The Velocity of Currency

In the economy, at any given moment, there is only so much money in circulation, while the number of goods that we produce continues to grow and grow (usually). With these limitations, how does an economy succeed in getting each of the citizens the currency that they need? How does the economy continue to operate despite limited spending power? For this reason, there is an economic principle that economists consistently measure in their determinations of how an economy is succeeding. This principle is called the velocity of currency.

What is the velocity of currency?

To put it simply, velocity of currency is the measurement of how fast money passes from one holder to the next. The velocity of currency gives an economy more energy, despite its limited resources, because if the money moves fast enough it will give everybody an economic boost off of the same currency. Here is an extreme hypothetical example: If a town only has one dollar to spend, but it gets spent $1 million times, then the economy is actually worth $1 million. Despite this, only currency spent on new domestic products raises the GDP.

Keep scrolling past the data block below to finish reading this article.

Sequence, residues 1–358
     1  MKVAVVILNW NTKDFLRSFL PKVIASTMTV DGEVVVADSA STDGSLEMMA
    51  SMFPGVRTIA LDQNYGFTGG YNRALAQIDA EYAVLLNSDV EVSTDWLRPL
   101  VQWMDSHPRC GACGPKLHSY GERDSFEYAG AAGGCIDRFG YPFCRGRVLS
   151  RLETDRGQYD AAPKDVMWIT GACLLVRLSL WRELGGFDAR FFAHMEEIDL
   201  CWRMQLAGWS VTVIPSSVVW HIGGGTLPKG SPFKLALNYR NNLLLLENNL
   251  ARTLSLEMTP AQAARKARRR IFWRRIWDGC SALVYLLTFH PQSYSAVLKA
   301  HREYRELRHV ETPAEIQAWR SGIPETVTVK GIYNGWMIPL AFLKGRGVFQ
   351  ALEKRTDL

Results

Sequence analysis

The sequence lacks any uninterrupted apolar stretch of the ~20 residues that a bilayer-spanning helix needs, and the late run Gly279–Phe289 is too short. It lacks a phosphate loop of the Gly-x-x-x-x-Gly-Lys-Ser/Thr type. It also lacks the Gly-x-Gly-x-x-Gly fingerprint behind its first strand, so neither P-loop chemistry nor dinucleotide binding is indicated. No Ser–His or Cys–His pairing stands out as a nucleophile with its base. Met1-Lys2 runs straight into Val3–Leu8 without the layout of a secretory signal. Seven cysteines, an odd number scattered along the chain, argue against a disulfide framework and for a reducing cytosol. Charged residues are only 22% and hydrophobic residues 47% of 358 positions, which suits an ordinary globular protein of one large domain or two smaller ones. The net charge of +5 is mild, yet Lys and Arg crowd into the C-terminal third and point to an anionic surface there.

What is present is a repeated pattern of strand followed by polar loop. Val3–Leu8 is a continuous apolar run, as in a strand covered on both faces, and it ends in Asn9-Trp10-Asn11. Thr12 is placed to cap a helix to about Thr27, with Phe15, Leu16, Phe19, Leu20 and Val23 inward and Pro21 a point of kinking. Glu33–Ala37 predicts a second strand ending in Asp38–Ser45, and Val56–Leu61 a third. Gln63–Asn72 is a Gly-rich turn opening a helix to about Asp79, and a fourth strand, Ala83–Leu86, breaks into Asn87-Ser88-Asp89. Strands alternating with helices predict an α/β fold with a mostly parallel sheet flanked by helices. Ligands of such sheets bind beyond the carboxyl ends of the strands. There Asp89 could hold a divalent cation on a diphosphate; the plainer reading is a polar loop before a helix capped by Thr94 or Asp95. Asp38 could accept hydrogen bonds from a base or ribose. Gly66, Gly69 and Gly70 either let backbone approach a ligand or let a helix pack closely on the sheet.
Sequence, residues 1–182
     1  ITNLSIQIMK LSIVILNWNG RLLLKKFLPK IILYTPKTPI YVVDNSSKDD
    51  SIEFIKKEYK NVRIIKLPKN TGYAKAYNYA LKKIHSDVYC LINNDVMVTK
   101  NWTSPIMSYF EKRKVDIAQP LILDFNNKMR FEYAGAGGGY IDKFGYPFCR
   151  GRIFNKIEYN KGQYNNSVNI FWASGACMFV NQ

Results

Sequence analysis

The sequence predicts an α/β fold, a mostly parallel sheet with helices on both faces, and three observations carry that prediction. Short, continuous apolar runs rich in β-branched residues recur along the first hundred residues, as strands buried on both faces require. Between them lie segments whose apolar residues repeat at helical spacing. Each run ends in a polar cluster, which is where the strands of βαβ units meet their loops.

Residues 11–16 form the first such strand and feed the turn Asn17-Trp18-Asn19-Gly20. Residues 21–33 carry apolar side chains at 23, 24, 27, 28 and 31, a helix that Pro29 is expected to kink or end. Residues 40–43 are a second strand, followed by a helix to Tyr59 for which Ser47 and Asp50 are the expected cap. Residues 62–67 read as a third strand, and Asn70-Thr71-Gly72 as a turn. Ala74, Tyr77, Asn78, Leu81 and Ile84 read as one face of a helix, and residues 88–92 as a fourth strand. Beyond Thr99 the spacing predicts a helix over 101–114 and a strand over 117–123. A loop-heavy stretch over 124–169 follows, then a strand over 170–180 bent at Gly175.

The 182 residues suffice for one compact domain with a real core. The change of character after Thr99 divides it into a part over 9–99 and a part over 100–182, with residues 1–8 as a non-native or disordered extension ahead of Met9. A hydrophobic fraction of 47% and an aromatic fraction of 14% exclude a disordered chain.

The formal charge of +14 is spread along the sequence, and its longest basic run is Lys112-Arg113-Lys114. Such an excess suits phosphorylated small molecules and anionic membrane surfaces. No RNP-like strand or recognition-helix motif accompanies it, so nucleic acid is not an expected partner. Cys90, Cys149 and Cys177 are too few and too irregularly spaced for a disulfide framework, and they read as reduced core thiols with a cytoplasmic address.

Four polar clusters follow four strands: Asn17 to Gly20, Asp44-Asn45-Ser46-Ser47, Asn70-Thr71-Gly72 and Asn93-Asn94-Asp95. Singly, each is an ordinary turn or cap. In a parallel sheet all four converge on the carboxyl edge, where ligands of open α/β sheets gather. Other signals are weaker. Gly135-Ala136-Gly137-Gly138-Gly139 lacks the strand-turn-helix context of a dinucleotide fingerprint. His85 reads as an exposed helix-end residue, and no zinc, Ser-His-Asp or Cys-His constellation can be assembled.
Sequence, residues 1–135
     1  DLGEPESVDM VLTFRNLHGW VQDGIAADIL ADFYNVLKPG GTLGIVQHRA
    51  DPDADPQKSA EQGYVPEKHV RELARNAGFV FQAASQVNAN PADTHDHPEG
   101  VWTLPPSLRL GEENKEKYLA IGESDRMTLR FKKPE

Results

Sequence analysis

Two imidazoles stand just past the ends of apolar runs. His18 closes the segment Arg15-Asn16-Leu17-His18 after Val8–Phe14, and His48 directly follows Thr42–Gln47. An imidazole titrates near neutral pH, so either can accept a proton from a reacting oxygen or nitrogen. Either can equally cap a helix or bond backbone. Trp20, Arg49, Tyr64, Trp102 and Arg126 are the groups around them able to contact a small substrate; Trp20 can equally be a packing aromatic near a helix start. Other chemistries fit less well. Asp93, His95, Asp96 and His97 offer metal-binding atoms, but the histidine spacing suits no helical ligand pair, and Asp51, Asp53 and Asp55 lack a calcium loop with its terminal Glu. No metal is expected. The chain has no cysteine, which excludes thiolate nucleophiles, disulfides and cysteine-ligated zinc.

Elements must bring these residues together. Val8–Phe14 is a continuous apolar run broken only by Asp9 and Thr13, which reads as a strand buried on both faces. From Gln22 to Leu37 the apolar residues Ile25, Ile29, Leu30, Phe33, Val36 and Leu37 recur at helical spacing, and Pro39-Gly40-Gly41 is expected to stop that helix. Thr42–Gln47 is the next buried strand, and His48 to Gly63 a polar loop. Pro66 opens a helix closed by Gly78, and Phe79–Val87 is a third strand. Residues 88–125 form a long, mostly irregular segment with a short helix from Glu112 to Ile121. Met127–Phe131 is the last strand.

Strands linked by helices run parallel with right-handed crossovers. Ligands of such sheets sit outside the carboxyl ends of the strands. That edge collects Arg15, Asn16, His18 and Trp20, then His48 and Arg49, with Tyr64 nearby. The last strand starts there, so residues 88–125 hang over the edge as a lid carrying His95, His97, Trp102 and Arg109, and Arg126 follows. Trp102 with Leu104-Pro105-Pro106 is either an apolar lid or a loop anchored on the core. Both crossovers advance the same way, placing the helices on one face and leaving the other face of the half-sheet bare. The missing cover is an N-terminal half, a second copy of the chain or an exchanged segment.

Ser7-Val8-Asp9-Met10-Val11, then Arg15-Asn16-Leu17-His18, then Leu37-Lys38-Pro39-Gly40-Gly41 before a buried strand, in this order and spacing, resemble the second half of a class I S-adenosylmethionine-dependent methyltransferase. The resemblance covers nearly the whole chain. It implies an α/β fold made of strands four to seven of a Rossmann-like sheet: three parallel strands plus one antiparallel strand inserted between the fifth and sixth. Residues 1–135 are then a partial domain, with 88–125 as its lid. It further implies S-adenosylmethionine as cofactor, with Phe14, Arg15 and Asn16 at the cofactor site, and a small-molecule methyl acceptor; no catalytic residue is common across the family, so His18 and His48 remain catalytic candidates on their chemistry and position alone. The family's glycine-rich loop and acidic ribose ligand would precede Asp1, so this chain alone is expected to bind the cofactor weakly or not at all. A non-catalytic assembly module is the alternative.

Difference between income velocity of money and transaction velocity of money

Income velocity refers to the number of times that currency is used to buy newly produced domestic goods. This is the kind of velocity that raises GDP and gives manufacturing industries a big boost. Transaction velocity refers to the number of times that currency changes possession for any reason, whether the goods are new or not. It’s important to note that more money will not necessarily raise the velocity of currency. It more so depends on the confidence that the spending population has in the market.

Why is this important

While not a clear picture of the entire story, the velocity of currency is a good gauge of how robust the economy is, at the moment. A high velocity of currency will be able to increase everyone’s spending power beyond the limitations of how much currency is in circulation. This ensures a continuous stream of investment and success of businesses. If people stop spending money, and the velocity of currency drops, the GDP will fall to the level of available currency, or even lower. This is typically why economists prefer policy that attempts to speed of the circulation of currency in order to create greater success for each business, which will raise GDP over time.